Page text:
The driver transistors... that's one thing I did not consider replacing. My experience with transistors is that unless they've been damaged, they pretty much work the same forever. It does look to me like the power transistors on the big heat sink may not be original, since some of them have 2S numbers and the Dynaco originals were (for the two banks of 4) 2N6030 or 2N6029 and 2N5629 or 2N5630.

Why would I replace the transistors?
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Old 24th May 2015, 02:51 AM   #6
wg_ski is offline wg_ski  United States
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Modern drivers are faster and moden outputs are more rugged. But unless you're planning on blasting it with sustained clipping with 4 ohms or DJing with it, leave them alone.
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Old 24th May 2015, 04:32 AM   #7
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Thanks, wg_ski. That makes sense.
But you are right, I'm only driving a pair of AR-5's with it. And although they demand good power to sound good, 100 watts is plenty for them, so this amp is loafing. In fact the natty blue panel meters, even on the lowest range setting ("4"), barely move unless you play it pretty loud. It has always been that way. My cousin used this amp before me, and he used to drive a pair of AR-9's with it. Even those 4-ohm loads at high volumes never seemed to make the amp break a sweat. I also used this amp as the PA for my rock band for a few years, driving pairs of 8-ohm cabinets in parallel (so it was driving 4 ohm loads there too), with live electric bass among other things being driven through it.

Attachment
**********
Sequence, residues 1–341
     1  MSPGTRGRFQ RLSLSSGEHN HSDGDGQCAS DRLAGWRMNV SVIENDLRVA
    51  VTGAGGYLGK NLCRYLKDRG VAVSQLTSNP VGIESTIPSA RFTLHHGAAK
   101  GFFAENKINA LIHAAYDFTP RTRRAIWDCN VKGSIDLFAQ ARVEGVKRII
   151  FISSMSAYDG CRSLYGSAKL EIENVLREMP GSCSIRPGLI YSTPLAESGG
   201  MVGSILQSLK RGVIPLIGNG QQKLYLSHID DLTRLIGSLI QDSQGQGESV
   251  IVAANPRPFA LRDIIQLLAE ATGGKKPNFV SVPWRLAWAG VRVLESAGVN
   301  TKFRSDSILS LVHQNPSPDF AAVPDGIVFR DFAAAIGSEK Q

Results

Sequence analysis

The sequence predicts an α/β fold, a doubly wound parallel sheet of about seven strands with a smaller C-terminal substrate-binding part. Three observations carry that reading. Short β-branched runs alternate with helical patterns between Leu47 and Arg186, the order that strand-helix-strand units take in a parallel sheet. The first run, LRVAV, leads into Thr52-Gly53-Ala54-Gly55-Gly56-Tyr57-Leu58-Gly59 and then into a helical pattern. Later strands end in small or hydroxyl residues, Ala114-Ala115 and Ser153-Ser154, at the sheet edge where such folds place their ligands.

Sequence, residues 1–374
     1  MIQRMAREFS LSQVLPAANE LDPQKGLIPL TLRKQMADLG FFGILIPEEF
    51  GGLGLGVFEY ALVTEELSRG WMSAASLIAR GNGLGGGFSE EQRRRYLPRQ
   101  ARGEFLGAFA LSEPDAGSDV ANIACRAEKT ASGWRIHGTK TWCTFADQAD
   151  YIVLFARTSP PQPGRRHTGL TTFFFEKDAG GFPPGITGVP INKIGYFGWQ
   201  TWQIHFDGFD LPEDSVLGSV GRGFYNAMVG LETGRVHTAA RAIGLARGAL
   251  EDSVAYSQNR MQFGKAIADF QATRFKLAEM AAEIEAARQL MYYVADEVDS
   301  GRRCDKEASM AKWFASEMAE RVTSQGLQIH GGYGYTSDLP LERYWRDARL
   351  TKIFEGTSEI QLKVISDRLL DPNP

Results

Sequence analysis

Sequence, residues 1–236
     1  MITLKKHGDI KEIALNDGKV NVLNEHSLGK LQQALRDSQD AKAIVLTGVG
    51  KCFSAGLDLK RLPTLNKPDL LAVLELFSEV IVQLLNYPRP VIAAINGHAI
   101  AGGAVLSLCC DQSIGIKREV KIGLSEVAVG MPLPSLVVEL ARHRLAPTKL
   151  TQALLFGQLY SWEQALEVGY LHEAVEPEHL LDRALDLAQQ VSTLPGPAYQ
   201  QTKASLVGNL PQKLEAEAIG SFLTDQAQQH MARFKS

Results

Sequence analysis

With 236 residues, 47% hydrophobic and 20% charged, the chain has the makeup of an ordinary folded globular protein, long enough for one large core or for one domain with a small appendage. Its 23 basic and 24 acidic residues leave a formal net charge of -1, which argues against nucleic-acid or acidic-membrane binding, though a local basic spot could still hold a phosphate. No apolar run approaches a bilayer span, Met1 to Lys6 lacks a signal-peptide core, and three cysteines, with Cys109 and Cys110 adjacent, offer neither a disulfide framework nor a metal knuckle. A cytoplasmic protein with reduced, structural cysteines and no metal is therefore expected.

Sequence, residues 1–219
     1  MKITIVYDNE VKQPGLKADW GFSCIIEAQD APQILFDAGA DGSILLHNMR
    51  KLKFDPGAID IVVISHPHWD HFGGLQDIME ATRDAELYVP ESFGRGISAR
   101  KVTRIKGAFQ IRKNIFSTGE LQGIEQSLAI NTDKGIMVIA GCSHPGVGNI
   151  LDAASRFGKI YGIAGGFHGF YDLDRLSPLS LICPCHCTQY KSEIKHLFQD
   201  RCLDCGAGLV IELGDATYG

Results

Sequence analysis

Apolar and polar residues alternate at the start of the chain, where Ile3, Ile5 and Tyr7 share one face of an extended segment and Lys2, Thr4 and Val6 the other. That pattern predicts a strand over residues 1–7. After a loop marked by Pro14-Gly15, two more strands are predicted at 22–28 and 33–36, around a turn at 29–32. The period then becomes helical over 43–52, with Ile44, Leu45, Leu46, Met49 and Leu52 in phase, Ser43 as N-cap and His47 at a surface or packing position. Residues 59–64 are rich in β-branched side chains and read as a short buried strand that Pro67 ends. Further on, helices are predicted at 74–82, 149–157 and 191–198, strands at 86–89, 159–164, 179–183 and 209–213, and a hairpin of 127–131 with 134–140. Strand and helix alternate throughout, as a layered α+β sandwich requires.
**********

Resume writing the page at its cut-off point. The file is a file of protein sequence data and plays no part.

The amp is not only a pretty darn clean and dynamic amp, but it has always seemed to have a lot of muscle when it needs it. That's why I have kept it all these years.
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Old 24th May 2015, 07:18 AM   #8
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Old electrolytic capacitors basically cannot explode, because they practically do not contain any electrolyte any longer.
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Old 24th May 2015, 09:49 AM   #9
djk is offline djk
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" I would have left the resistors alone unless there were signs of excessive heat"

Those he mentioned do have a heat problem, 5W parts are a good idea here.

"Modern drivers are faster and moden outputs are more rugged"

And require a redesign. The outputs have good SOA for the series connection.

With the series connected outputs there is no real need for different outputs, unless you want to convert it to a 416 to be 2Ω capable.

I might replace the TO-220 drivers, just because they're 150C plastic and won't last as long as the 200C metal outputs.

I would add a pair of 22F/100V bypass caps to the main filter caps, they can get a bit inductive as they dry out.